South Carolina lawmakers will be keeping a close eye on the legal drama surrounding former state representative and suspended code commissioner Jim Harrison, who is scheduled to stand trial next Monday (October 22) on a host of charges related to the #ProbeGate investigation into corruption in state government.
Why do they care? If Harrison were to plead guilty (or be convicted) of any of the charges he is currently facing, he would lose his job. And if that happens, it has the potential to set off a major power struggle within the S.C. House of Representatives.
Harrison, 67, is one of two former state lawmakers with unresolved charges in this investigation – which has already led to the indictment and resignation from office of four influential elected officials (former majority leader Rick Quinn, former House speaker Bobby Harrell, former Senate president John Courson and former House majority leader Jimmy Merrill).
All four of those ex-elected officials proclaimed their innocence and vowed to fight the charges against them in court. All four ultimately entered guilty pleas and resigned their offices, however.
Will Harrison follow suit? Or will he be the first defendant connected to this investigation to go to trial?
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The probe has focused in large part on the business dealings of Rick Quinn’s father, Richard Quinn – one of the most influential corporate and political strategists the Palmetto State has ever seen. The elder Quinn was originally charged in connection with this investigation, but those charges were dropped as part of a plea deal involving his son.
According to a grand jury report released earlier this month, Quinn’s firm (a.k.a. “the Quinndom”) was the lynchpin of several “pay-for-influence schemes” in which its corporate clients received favorable treatment from Quinn’s “family” of lawmakers – many of whom in turn received payment from the firm.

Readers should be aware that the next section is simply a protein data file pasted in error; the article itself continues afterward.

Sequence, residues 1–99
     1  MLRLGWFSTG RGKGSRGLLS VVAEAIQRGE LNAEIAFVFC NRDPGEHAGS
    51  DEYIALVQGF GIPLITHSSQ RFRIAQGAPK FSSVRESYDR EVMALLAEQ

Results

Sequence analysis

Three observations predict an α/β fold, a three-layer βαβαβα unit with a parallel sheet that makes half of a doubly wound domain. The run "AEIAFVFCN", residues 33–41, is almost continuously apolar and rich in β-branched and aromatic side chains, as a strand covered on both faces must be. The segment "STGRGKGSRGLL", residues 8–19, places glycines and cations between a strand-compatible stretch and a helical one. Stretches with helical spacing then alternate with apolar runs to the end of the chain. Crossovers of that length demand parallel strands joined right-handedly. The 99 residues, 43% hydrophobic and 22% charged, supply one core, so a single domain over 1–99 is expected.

Harrison was a part of that family prior to his resignation in 2012. At the time he stepped down, he was chairman of the influential House judiciary committee. Upon his resignation, his colleagues elected him to serve as director of the S.C. Legislative Council (the agency responsible for drafting and codifying the mountain of legislation that passes through the S.C. General Assembly each year).
This $160,000-a-year job afforded Harrison ongoing proximity to the legislative process – and positioned him to receive a hefty bump in his state pension upon his eventual retirement.
All of that came crashing down last October, though, when Harrison was indicted on criminal conspiracy, common law misconduct in office and statutory misconduct in office. Last month, Harrison was indicted again – this time on a perjury rap.
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According to the latter indictment, Harrison told grand jurors last year that his work for the Quinndom (which paid him $800,000 during his tenure as a lawmaker) was limited to the latter’s political campaigns “and nothing more.” In truth, however, “Harrison provided very little, if any, work on political campaigns while employed by (Quinn)” the indictment alleged.